As a high jumper, my training consists of 4 main areas
- Jump technique
- Strength training
- Plyometrics and explosiveness training
Naturally, some of these are critical in a seven-foot high jump. Jump technique alone accounts for a massive portion of a jump, while being explosive is another large part. However, my coach set one of my Key Performance Indicators (KPI) on weight room numbers.
I’ll be the first to admit that I didn’t see deadlifts adding 4 inches to my jump, but I trust him and have been executing accordingly.
Many studies and books have agreed with my thinking. Top textbooks in track and field have noted that strength levels on lifts like the clean, snatch and deadlift do not correlate well with performance.
I learned today that they are wrong.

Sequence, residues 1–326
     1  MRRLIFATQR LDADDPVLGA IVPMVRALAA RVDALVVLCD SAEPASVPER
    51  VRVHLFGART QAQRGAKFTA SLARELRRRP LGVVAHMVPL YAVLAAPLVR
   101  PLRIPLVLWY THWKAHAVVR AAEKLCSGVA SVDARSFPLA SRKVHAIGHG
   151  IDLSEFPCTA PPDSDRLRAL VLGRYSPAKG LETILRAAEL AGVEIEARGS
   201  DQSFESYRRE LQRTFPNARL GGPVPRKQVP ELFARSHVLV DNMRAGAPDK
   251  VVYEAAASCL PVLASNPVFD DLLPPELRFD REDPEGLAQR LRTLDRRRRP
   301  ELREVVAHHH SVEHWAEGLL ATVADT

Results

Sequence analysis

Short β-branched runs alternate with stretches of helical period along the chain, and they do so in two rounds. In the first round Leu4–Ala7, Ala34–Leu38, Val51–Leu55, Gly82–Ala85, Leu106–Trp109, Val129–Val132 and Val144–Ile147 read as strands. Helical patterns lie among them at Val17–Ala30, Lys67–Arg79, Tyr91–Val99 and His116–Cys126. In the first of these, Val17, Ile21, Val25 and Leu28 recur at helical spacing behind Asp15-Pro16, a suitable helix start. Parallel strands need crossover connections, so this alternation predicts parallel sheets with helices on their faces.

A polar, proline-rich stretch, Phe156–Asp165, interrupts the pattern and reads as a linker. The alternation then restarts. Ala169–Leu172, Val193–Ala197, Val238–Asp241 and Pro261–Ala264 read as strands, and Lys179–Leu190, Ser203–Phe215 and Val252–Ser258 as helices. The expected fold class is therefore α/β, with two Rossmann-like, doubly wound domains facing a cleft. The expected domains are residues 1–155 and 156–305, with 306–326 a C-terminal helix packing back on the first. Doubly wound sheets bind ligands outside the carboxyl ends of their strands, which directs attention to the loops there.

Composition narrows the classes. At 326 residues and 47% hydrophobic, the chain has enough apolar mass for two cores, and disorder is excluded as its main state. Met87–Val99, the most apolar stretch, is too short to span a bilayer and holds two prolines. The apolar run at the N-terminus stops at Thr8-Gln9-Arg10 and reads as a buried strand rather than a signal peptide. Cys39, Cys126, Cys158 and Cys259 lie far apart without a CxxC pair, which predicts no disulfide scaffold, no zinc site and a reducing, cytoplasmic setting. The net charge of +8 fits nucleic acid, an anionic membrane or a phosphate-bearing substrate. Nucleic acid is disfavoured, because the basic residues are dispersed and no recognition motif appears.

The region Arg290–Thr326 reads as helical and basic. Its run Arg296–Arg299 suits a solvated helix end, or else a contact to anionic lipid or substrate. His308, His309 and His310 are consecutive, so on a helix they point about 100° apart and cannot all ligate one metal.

Over the past 4 months, my strength levels have increased substantially. Currently I am the strongest I have ever been, thanks to consistency in the weight room. The results are speaking for themselves:
- My bad knee hasn’t been problematic since Dec 11
- My other bad knee (lol) has been great since Nov 28
- Shot put heaves (where you throw the shot over your head backwards) are at a lifetime best
- Most importantly, I opened my season with one of my better jumps ever and set a new lifetime best jump in practice today at 2.10m. Even more encouraging, it was a clean jump with lots of room
As you can see, it has been a promising start to the season. In December I reduced the volume in sprint workouts and increased weight training intensity. My drills, physical health and performances have all been improving.
I finally buy in. Do you?
Let me know in the comments below your experiences with strength and performance.